May 2

2 comments

Trying Out The Lensbaby Edge 80 Optic

By Dan

May 2, 2012

Alaska, Anchorage, camera gear, creativity, Edge 80 Optic, landscapes, lensbaby, lenses, outdoor photography, photographers, photography, Reviews and Recommendations

Mountain biking, Alaska Style. Shot with the Lensbaby Edge 80 Optic

Tilt shift photography for me is like candy. It tastes good, but way too much of it and you get a little sick to your stomach, which is why I just can’t seem to justify spending $1,700-ish on a real tilt shift lens. Since I’d rather put that kind of money towards a new mountain bike, which is something that I’ll use way more often, like many photographers, I use a Lensbaby whenever I get the urge to tilt.

Lensbaby just released a brand new gizmo called the Edge 80 Optic. It’s an 80mm f/2.8 optic with a 12 bladed adjustable aperture that you can pop into any of the Lensbaby lenses. When aligned straight, the Edge 80 gives a flat field of focus, but when tilted, it creates a slice of sharp focus in a soft field of magical sugar filled blur.

Since I’ve already got a Lensbaby Composer Pro, and since I’m a big fan of the 80s, I couldn’t wait to get my hands on the Edge 80 Optic. Nice Mr. UPS man dropped one off at my door the other day and so I slapped it on my D700 and took it on mountain biking yesterday afternoon to give it a review.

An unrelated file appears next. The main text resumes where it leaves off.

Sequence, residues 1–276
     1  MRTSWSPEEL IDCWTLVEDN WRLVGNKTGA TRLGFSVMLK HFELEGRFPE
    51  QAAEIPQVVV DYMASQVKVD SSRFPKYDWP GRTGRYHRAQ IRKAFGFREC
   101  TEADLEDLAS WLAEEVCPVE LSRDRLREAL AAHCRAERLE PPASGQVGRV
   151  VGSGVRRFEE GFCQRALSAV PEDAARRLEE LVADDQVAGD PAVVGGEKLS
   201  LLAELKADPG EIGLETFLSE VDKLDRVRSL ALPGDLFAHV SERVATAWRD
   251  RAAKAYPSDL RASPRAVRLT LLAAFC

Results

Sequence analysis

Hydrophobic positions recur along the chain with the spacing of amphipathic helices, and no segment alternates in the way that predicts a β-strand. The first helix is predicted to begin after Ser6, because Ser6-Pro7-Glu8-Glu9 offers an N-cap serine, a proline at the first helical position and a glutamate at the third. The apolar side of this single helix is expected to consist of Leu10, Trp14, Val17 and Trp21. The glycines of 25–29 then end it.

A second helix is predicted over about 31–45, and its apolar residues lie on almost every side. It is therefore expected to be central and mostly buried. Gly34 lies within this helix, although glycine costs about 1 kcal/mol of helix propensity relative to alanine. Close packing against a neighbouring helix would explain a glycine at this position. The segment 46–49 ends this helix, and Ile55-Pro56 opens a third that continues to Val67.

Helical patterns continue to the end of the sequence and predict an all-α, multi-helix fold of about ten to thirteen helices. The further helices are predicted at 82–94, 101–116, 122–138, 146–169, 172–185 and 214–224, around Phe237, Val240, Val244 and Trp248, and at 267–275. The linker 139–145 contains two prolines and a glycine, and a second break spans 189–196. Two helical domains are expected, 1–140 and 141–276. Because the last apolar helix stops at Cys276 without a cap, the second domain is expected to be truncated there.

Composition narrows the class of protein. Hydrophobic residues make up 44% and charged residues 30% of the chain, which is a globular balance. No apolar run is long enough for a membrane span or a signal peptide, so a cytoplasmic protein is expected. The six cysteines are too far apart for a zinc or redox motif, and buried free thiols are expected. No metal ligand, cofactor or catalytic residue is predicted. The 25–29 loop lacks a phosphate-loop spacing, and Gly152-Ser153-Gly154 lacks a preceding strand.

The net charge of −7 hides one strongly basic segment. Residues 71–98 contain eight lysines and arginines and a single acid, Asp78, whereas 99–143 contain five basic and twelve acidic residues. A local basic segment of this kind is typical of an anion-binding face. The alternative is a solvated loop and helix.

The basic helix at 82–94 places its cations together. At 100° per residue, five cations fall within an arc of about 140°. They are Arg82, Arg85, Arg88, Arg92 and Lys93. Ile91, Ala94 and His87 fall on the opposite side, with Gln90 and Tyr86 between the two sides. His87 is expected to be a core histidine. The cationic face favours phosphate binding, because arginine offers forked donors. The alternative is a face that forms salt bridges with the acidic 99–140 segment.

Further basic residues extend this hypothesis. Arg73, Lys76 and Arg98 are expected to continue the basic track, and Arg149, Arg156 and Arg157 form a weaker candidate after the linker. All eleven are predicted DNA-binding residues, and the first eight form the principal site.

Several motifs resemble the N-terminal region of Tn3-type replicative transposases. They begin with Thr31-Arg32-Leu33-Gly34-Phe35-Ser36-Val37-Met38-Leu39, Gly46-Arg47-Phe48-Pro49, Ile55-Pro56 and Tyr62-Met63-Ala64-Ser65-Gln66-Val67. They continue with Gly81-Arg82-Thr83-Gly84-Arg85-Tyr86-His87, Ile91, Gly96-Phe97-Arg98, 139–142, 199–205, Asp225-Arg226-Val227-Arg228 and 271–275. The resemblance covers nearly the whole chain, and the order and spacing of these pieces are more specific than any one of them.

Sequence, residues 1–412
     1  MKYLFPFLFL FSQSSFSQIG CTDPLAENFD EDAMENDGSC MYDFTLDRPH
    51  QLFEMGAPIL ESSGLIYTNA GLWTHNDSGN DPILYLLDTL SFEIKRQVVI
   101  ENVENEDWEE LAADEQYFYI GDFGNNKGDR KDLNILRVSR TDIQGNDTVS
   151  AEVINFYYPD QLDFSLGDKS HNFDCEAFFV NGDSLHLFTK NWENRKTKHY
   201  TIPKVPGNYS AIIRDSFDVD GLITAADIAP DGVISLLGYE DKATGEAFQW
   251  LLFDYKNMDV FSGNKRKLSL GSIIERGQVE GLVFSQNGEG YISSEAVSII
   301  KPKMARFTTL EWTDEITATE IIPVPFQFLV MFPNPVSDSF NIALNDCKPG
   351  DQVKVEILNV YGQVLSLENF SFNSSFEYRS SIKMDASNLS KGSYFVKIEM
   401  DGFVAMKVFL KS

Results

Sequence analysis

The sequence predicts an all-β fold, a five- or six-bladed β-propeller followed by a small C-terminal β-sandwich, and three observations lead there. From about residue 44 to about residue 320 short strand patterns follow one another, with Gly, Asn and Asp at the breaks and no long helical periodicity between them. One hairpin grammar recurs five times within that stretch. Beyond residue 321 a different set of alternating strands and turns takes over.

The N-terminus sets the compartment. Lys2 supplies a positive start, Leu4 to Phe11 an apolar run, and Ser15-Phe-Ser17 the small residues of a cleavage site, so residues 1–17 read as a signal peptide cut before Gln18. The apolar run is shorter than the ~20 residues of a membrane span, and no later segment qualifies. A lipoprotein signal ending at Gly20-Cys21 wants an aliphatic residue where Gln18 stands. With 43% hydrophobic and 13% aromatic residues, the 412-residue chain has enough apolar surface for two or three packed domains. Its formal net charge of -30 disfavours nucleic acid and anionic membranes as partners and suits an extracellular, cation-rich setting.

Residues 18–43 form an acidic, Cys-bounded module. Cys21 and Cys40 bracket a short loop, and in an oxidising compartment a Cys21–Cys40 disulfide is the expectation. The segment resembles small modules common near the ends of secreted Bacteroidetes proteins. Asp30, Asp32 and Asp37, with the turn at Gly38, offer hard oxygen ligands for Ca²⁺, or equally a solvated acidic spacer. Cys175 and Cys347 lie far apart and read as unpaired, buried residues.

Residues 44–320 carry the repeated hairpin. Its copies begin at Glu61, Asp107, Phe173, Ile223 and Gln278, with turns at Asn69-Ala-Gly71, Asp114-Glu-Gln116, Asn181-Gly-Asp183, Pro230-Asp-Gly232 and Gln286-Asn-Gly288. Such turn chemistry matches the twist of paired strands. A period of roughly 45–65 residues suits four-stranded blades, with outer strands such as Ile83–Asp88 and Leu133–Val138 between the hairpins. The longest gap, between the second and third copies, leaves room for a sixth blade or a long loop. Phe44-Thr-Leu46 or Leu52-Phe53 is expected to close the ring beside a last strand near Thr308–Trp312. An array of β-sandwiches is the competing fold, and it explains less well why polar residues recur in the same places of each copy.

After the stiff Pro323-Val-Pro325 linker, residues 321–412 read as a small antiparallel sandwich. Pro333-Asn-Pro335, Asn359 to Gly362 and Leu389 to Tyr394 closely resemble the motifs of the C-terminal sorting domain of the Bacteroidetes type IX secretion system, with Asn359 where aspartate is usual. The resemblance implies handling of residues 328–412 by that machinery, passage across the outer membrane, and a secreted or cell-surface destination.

Bear with me. Being my first time using the Edge 80, I probably over-tilted a little bit, but hey, I might as well get it out of my system, right? Despite being limited to your own artistic whimsy, you can actually over tilt the Edge 80 with some subjects. Yes, you’ll get a nice wide blur, but you might lose needed subject matter that helps tell the story. That’s all I’ll say on the matter.

As for quality, I was impressed by the heft, weight and overall build quality of the Edge 80 Optic as soon as I pulled it out of the box. (Lensbaby does really nice packaging!) It’s built with 5 multi coated glass elements in 4 groups and it feels quite solid in your hands. It’s also solid enough to hold up to when you accidentally bang the front of the lens against your metal bike stem. Believe me. I hit it pretty hard while riding with the camera around my neck with no damage done.

Being 80mm, it falls right in that sweet spot of a great fast short telephoto lens, which makes it an extremely versatile tool for all types of photography, and gives your imagery a more professional look. I love my 85mm f/1.8 for portraits and as a lightweight outdoor lens, so the Lensbaby Edge 80 Optic was an easy visual transition for me. Even without tilting, it’s got a shallow depth of field and produces wonderful background blur.

In use, the glass is good. They’re sharp, especially when you stop them down. Outside, though I tend to shoot fairly wide open, mostly so that I can see better. Since the Lensbaby has a manual aperture control, the blades stay stopped down when you turn the dial. Add to the fact that they’re all manual focus and manual exposure, Lensbabies can be pretty challenging to use outside. If you like to make things a little harder, though, you can definitely get some cool results.